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Russian DelightMay 1, 2007 By: Ruthanne Terrero Home-Based Travel Agent
History blends with modern Western culture in this up-and-coming destination
The brightness of this city's future is palpable as you watch its young population walk along its streets, coming of age in a city that has seen revolutions, sieges and an endless era of communism.
St. Petersburg's history, however, is equally obvious in its Baroque- and Neoclassical-style architecture and the scenic bridges (there are 342 in all) that cross over its many canals. It's a much more Western-style city than we expected; Emperor Peter the Great founded it in 1703 and designed it after he'd fallen in love with Amsterdam and Venice.
We began our stay at the Grand Hotel Europe, which re-opened in 1991 as the first five-star hotel in Eastern Europe. At 130 years old, this Grand Dame has hosted a who's who of historical VIPs, including Pyotr Ilyich Tchaikovsky, George Bernard Shaw, Maxim Gorky and Dmitri Shostakovich, to name but a few.
If you're a history buff, a stay in one of the top-line suites is for you, since they are protected by the city from undergoing any dramatic changes. Nevertheless, or perhaps even more so for that reason, they evoke a true sense of place. The Imperial Suite has housed Bill Clinton and Prince Charles—it has a dining room and its own piano.
In addition to a spacious layout, the hotel's "Ladies' Suite" provides amenities such as a professional-powered hairdryer and Bulgari products. You'll also have the use of a car and driver for shopping excursions, or a ride to the nearby Orthodox Church on Sunday. Terrace Rooms on the fifth floor have great outdoor space; request one that overlooks Arts Square for views of the Church of the Spilt Blood.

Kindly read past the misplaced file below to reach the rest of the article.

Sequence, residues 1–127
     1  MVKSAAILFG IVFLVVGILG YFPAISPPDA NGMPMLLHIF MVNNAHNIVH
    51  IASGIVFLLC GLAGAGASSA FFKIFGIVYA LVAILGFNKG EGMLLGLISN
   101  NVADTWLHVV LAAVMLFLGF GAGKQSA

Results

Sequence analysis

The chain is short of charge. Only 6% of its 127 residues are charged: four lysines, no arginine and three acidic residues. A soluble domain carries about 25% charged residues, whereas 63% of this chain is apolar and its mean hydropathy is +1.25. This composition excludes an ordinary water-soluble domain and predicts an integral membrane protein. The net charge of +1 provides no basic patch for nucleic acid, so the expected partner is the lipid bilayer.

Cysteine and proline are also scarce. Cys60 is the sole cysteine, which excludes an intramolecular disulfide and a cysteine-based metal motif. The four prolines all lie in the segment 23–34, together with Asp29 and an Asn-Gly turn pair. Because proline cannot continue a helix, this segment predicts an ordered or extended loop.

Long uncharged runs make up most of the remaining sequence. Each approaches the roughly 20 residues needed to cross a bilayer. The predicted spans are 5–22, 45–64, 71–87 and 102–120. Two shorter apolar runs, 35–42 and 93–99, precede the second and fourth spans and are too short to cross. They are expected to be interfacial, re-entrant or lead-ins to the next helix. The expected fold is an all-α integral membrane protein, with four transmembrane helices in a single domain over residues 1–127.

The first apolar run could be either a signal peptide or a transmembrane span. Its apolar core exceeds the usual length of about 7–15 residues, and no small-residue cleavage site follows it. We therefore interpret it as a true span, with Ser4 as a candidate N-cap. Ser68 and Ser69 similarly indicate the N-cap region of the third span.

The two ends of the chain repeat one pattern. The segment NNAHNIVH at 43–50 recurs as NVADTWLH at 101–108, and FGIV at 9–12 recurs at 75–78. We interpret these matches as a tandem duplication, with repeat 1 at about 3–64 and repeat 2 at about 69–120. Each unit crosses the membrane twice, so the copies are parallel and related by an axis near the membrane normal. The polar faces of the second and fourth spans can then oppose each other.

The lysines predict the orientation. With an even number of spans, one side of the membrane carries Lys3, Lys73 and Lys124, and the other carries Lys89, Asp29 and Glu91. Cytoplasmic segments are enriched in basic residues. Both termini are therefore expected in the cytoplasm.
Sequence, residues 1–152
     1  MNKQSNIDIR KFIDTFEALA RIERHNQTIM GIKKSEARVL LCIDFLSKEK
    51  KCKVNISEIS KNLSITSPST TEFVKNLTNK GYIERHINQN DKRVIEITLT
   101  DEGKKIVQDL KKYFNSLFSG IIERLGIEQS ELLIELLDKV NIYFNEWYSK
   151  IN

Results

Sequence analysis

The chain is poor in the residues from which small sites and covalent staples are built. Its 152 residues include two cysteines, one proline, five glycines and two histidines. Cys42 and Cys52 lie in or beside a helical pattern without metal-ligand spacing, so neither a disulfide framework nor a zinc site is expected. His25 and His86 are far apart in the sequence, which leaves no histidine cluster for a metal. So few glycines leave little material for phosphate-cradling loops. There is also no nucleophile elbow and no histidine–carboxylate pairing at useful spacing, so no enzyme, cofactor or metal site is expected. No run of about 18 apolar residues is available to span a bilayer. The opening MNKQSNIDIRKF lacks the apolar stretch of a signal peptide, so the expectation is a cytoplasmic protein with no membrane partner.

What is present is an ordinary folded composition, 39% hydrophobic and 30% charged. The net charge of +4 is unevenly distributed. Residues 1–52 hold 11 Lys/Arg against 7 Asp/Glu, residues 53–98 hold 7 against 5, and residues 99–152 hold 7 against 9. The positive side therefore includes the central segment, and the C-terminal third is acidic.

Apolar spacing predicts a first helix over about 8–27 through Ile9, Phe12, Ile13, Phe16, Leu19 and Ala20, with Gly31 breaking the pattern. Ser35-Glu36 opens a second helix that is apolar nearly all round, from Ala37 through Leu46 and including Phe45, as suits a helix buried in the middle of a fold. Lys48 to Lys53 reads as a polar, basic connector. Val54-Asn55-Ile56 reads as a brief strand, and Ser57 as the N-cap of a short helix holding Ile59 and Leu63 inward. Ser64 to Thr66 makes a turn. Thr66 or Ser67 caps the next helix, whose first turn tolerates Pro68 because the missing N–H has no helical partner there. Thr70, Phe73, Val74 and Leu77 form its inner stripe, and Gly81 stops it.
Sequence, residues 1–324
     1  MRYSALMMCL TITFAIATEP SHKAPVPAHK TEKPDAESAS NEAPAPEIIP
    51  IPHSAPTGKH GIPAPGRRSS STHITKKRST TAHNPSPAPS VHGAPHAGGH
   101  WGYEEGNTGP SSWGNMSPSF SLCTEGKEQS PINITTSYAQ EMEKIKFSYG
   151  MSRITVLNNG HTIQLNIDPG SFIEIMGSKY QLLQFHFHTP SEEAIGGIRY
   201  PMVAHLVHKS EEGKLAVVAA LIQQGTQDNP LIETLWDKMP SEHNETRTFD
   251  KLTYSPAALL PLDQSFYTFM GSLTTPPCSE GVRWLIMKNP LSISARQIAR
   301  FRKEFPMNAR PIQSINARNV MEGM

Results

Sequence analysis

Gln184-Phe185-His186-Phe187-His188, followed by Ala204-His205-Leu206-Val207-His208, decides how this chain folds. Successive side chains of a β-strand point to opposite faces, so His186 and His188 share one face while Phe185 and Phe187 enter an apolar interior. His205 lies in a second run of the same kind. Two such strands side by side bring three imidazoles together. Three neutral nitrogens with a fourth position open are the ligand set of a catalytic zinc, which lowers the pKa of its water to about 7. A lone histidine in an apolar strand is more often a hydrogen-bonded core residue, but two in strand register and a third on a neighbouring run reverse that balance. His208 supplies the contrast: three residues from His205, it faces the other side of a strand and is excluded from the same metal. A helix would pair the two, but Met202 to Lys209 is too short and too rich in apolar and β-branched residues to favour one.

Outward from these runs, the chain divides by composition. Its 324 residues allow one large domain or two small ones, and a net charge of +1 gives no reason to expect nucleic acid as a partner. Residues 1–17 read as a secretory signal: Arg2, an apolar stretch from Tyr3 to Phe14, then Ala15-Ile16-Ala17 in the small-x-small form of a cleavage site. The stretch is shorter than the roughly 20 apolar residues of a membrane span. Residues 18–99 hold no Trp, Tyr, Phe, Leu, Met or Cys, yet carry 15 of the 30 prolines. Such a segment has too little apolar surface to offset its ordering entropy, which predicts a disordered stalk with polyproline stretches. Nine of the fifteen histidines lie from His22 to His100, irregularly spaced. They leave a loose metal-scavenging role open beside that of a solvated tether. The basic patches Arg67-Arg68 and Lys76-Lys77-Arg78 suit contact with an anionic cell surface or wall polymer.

For a bit of fun around the city, the hotel's excellent concierge team can provide exhilarating, over-the-top experiences, such as a helicopter tour over the city or to visit the Peter-Paul Fortress, where you can shoot an artillery gun at high noon. They can also secure VIP access for you to the city's many museums, and tickets to the Tsar's Box in Mariinsky Theatre. For fine dining, be sure to enjoy the Sunday jazz brunch in the swanky, in-house L'Europe restaurant. The Lobby Bar, an absolute must for an after-dinner drink, is also a great place to hear music.
Hotel Astoria is remarkable for its location (it's on St. Isaac's Square and close to the Hermitage Museum), but equally so for its interiors. Prince Charles, George H. W. Bush and Henry Kissinger have all stayed here; in fact, the hotel has not one, but five two-bedroom Presidential Suites, all named for Russian composers. We were most graciously received with some fine Russian caviar, blinis and champagne in the dining room of the Tchaikovsky Suite, which has a balcony. In each of these suites, the hotel places CDs of the composer's work in the sitting area alongside a personal CD player. The sitting area flows into the very private master bedroom with a separate full bath, which sports a walk-in shower. On the other side of the dining room there's a self-contained guest bedroom.
If you're seeking a real rush, the concierge can book you on a MiG-2 flight, complete with a trained pilot in one of Russia's famed fighter planes; or, if you prefer, she can fly you via private charter plane to Moscow for the day to visit Red Square, Novodevichy Convent and to dine at the Kremlin Patriarchs' Chambers. If you prefer to keep your feet on the ground, an elegant dinner in Davidov's, the hotel's demure and poshest restaurant, may be just the ticket; being here puts you smack into the world of Russian-style opulence. The restaurant is also well known for its Caviar Bar and be sure to also check out the hotel's Winter Garden; back in the day, Hitler had planned to hold a victory ball there had he successfully overtaken the city.
For a dramatic change of pace, Alexander House is a "mini-hotel" housed in a building dating back to 1826. Off the beaten path, it is near the sites that have been depicted in Dostoevsky's novels. Each room at Alexander House is different, and while quarters are simply furnished, they are comfortable and stylish.The hotel is open year round; if you are there during the warmer weather you can enjoy the courtyard garden, which has some creatively private dining spaces.